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"There is no way to sweep away the mess or bury
the sense of loss here, one year after everything
seemed to change. It is a long road home, to be sure."

A PBS NewsHour special report   |   Mar. 15, 2012

Fukushima After the Meltdown

Children with poster and flag

Family photographs are seen amid the rubble at Rikuzentakata on March 26, 2011, in Iwate Prefecture, Japan. Photo by Athit Perawongmetha/Getty Images

Miles O'Brien

By Miles O'Brien

When I was growing up in the '60s, I was filled with fear, loathing and fascination over the unmatchable power that is unleashed by splitting the atom.

I was four when President Kennedy signed the Limited Nuclear Test Ban Treaty in 1963, which banned atmospheric testing of atomic weapons. The tests were the largest single source of cesium-137 fallout in the history of the atomic age. Cesium-137 has a half-life of 30 years, so most of it has decayed, but those of us who were breathing air at that time likely carry some of the contamination with us to this day.

It is that long tail of consequence that makes the debate over nuclear power so volatile. While accidents are extremely rare, they have far-reaching implications.

The reality of this first hit me a year ago when I went to Chernobyl to do a story on what scientists know about the impact of the meltdown there 25 years ago on the people and the environment in Ukraine and Belarus.

The area around Chernobyl is still fenced off and largely uninhabited -- an exclusion zone that was created shortly after the reactor exploded and began burning. Closest to the plant is the old Soviet style company town of Pripyat, which became an instant ghost town -- and a rotting relic of all that ailed that flawed system.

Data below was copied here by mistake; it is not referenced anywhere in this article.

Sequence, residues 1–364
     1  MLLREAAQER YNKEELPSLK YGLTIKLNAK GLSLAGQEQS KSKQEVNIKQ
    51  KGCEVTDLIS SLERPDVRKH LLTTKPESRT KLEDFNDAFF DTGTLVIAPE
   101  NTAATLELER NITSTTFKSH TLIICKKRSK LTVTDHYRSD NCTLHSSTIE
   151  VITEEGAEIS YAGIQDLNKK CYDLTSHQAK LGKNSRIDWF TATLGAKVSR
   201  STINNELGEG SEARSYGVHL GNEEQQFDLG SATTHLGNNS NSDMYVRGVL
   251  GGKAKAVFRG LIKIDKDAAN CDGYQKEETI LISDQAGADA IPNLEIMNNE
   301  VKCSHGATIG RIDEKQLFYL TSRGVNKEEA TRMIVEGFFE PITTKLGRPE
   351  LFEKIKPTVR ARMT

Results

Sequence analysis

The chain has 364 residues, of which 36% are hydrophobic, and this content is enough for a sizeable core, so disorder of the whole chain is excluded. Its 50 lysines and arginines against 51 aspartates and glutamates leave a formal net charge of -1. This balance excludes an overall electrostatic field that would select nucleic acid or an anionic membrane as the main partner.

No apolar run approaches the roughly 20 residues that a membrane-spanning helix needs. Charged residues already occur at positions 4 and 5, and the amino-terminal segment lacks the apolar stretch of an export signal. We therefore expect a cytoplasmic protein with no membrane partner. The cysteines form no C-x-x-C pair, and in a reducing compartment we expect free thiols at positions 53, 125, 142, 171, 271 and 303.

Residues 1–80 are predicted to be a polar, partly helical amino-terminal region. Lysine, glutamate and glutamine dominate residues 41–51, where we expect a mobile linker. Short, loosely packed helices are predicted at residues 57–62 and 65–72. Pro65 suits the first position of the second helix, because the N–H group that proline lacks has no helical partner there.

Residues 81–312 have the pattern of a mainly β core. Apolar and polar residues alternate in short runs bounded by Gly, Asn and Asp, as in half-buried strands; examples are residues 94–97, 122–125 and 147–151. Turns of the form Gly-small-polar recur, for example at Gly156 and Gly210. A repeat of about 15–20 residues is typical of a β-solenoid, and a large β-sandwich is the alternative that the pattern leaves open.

Unfortunately, the commissars of that dying empire had little interest in a free and open exchange of peer-reviewed scientific data (to say the least), and thus no reliable research was done from the outset. It was a terrible missed opportunity to learn something about what a long-term, low-dose of radiation exposure might mean for human health.

This is a tough scientific nut to crack. Human beings get cancer for all kinds of reasons - both genetic and environmental. And those cancers often take many decades to become evident. So how to connect the dots between a given cancer and exposure to fallout?

We will never get closer to any answers because of scientific studies on the people affected by Chernobyl. They just do not exist.

The best study that exists to date focuses on 94,000 survivors of the 1945 atomic bomb attacks on Hiroshima and Nagasaki. The laws of physics combined with the vivid memories of people who were there on those awful days allowed scientists to very precisely determine how big a dose of radiation an individual received. In addition, our teeth store telltale evidence of the amount of radiation to which we've been exposed.

The Radiation Effect Research Foundation (formerly the Atomic Bomb Casualty Commission) - a joint U.S. and Japan project - still studies these survivors in great detail. There are very few long-term scientific studies that would compare to the scope and depth of this project (the Framingham Heart Study comes to mind).

After all these years of research, they can say with certainty that radiation exposure causes cancer in humans: leukemia fairly soon, and solid cancers many decades later. But below 100 millisieverts, they can find no smoking-gun link between any health effects and radiation exposure.

Scientists will tell you there is no such thing as a "safe" amount of radiation. It is a sure-fired mutagen that bombards DNA with energy - causing mutations to our genes. But it is relatively weak, and so we often find ourselves groping for answers below the "noise". The cancer rate in Japan for the general population is about 40%.